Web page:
With more leisure hours, families could enjoy "Lone Ranger" and "Buck Rogers" serials over the airwaves. People everywhere could share the same information and entertainment, bringing about a convergence of values between the city and country. Rural electrification helped lessen the economic gap, bringing growth to people outside of cities that would provide benefits for decades to come.
Today, infrastructure programs can once again bring large numbers of people into the stream of modern American life and prosperity.
It’s pretty clear that the country’s aging and overburdened transportation systems waste time and decrease productivity.
Without high-speed broadband, people face hurdles trying to run a business, finding job postings, filing taxes and taking advantage of online education. Ranchers miss out on livestock auctions and farmers can’t use the internet to monitor crops. And nobody gets to binge-watch “Game of Thrones.”
The dense network of services that exists in urban areas isn’t found in rural regions. Schools, hospitals, libraries and emergency services all rely on fast internet connections. Those without broadband are left out of things like telemedicine, which can help women without access to family planning services, along with financial services like online banking. Broadband can be transformative to communities and mitigate the digital divide that creates technology haves and have-nots.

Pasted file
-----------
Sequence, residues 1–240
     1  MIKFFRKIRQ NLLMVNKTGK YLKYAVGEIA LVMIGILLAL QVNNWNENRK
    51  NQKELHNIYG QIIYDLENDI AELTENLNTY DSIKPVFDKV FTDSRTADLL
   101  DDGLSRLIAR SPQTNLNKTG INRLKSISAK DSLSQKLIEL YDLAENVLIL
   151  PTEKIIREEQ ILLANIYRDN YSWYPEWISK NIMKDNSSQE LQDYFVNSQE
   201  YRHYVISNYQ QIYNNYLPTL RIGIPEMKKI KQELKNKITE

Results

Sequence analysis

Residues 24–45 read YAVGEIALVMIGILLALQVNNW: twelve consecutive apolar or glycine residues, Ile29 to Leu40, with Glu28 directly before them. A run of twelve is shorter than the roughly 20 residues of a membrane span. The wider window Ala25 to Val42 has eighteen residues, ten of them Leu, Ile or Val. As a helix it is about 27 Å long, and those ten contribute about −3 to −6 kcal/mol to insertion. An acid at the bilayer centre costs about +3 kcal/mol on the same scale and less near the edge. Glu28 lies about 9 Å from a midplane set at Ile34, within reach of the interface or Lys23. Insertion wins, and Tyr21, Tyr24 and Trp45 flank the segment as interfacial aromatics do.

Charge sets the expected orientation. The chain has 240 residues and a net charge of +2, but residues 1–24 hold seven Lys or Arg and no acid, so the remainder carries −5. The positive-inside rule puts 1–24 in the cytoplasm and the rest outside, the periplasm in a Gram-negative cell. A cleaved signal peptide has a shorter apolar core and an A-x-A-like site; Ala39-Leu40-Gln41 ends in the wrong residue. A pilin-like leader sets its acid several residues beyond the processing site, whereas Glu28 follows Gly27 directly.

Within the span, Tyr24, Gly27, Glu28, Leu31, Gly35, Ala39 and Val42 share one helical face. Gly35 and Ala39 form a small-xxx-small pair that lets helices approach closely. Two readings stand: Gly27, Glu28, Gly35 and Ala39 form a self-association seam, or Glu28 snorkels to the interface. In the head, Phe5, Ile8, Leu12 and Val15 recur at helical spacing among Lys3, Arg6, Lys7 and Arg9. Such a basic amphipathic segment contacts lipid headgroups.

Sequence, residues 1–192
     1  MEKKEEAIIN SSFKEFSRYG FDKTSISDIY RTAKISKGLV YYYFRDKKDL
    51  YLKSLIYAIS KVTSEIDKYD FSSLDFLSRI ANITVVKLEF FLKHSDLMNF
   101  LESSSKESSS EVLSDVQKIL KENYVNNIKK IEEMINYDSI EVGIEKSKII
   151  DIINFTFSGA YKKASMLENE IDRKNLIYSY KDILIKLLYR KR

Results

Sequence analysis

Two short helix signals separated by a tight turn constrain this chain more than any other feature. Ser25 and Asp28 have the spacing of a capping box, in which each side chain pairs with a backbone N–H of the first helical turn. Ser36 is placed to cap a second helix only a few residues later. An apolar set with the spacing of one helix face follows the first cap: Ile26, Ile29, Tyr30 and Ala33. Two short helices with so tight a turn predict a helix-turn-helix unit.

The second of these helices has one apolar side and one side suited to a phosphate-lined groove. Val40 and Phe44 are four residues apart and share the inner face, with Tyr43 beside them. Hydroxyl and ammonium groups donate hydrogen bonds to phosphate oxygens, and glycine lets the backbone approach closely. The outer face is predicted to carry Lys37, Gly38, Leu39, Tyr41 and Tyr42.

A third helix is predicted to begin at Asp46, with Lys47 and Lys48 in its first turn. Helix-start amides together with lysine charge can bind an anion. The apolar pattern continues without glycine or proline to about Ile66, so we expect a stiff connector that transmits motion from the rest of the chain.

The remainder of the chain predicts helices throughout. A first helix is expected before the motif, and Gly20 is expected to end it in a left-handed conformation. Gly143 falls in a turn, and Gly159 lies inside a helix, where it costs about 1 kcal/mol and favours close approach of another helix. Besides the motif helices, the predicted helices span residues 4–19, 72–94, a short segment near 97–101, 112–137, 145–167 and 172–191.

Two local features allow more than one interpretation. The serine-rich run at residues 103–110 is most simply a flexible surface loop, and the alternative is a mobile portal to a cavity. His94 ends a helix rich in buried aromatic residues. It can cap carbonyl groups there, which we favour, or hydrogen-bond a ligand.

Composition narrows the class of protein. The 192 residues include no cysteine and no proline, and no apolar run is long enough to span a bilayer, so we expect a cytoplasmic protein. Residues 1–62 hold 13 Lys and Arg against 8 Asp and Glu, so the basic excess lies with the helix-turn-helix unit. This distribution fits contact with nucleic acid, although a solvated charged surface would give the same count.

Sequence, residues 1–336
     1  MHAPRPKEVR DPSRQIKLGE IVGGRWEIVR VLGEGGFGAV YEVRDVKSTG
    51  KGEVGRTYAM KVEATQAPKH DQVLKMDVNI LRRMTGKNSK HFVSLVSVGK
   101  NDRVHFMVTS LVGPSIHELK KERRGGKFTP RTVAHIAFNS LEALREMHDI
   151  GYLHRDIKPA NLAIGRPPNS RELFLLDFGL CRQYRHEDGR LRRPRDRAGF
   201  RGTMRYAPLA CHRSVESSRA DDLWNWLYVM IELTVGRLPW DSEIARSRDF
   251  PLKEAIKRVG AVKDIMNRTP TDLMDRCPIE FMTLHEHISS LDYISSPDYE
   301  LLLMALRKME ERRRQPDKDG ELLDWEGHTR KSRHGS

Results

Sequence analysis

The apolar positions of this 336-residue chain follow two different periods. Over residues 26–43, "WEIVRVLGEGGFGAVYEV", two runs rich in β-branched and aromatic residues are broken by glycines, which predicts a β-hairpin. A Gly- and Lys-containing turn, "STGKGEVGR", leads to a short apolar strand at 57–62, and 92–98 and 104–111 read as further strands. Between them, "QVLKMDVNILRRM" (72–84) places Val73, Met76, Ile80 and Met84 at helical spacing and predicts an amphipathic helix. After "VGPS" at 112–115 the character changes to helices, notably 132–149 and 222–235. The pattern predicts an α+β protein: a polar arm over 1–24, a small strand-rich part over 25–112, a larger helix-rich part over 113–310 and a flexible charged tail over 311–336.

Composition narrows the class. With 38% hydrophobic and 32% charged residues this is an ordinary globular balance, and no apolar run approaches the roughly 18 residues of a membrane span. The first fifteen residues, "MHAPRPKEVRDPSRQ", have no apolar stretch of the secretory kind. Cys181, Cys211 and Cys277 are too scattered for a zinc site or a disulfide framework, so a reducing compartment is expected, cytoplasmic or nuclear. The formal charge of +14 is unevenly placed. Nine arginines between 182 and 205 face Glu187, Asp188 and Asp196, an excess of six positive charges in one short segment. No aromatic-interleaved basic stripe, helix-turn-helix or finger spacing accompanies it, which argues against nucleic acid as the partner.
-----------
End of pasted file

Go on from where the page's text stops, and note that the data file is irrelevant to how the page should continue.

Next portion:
Better, faster and more reliable trains can also help bring Americans together in a variety of ways. It’s pretty clear that the country’s aging and overburdened transportation systems waste time and decrease productivity. The kind of high-speed rail enjoyed by people in most other developed countries is more than a benefit to those commuting between big cities. It can serve smaller destinations by adding new segments of high-speed track to the country’s existing railroad network. Those living outside of cities can use it to connect to other forms of transportation like major airports.